Cut loose at fifty: Chapter Eleven – Telling an English joke in Chinese
By Chris Clancy
The second semester got off to smooth start – a good job as well - because the first half of it proved to be a very hectic affair.
This was all my own doing.
First degree courses in China are normally spread over four years. When students enter their third year they become "junior" students and then "seniors" in their final year.
My students that year were all juniors.
The senior year is mainly spent tying up loose ends and either applying for jobs or for postgraduate courses.
Those who apply to study abroad are expected to include a document called a Personal Statement (PS) as part of their application package. Basically, this document is an attempt to "sell" themselves – to say why they are applying, what makes them suitable, what makes them different from other students, what they can bring to the university, their educational and career aspirations and so on.
If students are competing with other students who have similar backgrounds and qualifications a well written PS will help them to get noticed and "stand out" from the rest.
In particular, if they apply to a prestigious university, the quality of the PS may well be the decididng factor – the one that determines whether or not they get a place.
A few weeks into the semester some students asked me if I would "look-over" their PSs. Like a fool I agreed, thinking I would only need to do a bit of editing here and there.
They were so bad I ended up rewriting them.
It took ages
Students normally start thinking about what they're going to do after graduation in their third year. This means they start competing with each other. If they do get some extra help, like me with the PSs, they will normally keep it to themselves.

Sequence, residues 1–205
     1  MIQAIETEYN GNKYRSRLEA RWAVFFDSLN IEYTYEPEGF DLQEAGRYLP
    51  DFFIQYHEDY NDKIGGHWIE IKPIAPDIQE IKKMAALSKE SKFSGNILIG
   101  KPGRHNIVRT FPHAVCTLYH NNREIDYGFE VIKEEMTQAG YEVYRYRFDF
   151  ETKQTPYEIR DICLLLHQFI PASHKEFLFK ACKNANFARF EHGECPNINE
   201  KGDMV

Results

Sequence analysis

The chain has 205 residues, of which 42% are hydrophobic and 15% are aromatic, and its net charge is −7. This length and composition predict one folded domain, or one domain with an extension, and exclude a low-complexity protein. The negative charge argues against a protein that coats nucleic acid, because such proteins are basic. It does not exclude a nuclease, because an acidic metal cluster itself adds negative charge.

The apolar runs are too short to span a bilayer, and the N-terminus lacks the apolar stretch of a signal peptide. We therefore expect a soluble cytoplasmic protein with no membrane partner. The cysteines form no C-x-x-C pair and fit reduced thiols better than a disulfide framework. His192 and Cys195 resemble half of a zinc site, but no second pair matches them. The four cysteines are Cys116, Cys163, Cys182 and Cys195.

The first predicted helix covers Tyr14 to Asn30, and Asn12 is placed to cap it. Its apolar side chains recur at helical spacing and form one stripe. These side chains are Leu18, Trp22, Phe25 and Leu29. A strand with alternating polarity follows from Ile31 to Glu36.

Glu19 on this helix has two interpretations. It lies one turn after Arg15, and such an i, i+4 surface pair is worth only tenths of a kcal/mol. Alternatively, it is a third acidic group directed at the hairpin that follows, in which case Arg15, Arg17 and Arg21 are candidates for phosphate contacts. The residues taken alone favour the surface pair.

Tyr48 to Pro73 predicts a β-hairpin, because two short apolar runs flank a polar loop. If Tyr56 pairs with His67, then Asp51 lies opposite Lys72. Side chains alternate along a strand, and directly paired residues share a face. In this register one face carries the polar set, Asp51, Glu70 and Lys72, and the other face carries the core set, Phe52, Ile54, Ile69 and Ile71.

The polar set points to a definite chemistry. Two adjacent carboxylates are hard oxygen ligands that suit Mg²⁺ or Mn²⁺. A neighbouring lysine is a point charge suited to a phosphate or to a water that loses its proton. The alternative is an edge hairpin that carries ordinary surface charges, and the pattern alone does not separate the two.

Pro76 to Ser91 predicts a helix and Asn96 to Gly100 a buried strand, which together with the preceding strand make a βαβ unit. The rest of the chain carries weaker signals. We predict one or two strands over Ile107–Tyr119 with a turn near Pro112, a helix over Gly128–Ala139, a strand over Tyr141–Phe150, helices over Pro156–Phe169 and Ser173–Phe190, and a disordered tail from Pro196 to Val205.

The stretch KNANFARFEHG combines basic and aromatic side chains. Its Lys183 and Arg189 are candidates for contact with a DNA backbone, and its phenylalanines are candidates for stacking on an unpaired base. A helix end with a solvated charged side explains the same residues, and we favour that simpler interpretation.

However, no sooner had I emailed the rewritten PSs back, than the word was out.
"Free help available – come and get it!"
I suspected that some person, or persons unknown, in the English Department, had started palming them off on me. I never found out for sure, but I started to get more and more requests – not just from students I had taught, or was teaching, but from others – I didn't know which was which and, having started, wasn't really in a position to say, "No, no more!"
By the time the May holiday arrived I was so inundated I had no choice but to pull the plug.
I didn't go travelling. Instead I went to the internet and selected the best sites I could find on PSs. I spent the next three days reading, downloading, cutting, pasting, re-arranging and editing.
It was like putting together a giant jigsaw.
By the end of it I had a very long document which laid out all they needed to know about PSs, in plain English, along with a step by step guide for compiling one and examples of finished ones thereof.
From that point on I emailed the document back to anyone asking for help saying I had no time to personally attend to their request. This did not mean that I never helped anyone again. I did, but only under special circumstances and then only on the understanding that it went no further.
The document became one of a handfull I would email to all my students at the beginning of each subsequent semester.
No sooner had the PS problem been put to bed, than I was asked to give a speech at a conference on property tax - one week after the May holiday.
This request came out of the blue and at very short notice. Nothing unusual here. If you are going to live and work in China - get used to it. Someone, somewhere, with power, makes a decision, snaps his or her fingers and everyone jumps.
If you don't, it will be remembered and, one way or another, sooner or later, you'll know about it.
The conference had a very grand title: "International Symposium on the Theory and Institution of Property Taxation". It ran over a two day period and had nineteen illustrious speakers - experts on property tax – and me.
Two of the speakers were foreigners, both famous professors in their field, one from Russia and the other from Canada.